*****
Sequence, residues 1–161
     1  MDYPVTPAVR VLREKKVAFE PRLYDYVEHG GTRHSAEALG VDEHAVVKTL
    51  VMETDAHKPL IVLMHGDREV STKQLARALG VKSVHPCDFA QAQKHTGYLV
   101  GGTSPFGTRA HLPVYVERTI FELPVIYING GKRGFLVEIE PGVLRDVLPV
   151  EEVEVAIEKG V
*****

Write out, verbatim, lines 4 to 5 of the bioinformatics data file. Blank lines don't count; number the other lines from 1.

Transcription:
   101  GGTSPFGTRA HLPVYVERTI FELPVIYING GKRGFLVEIE PGVLRDVLPV
   151  EEVEVAIEKG V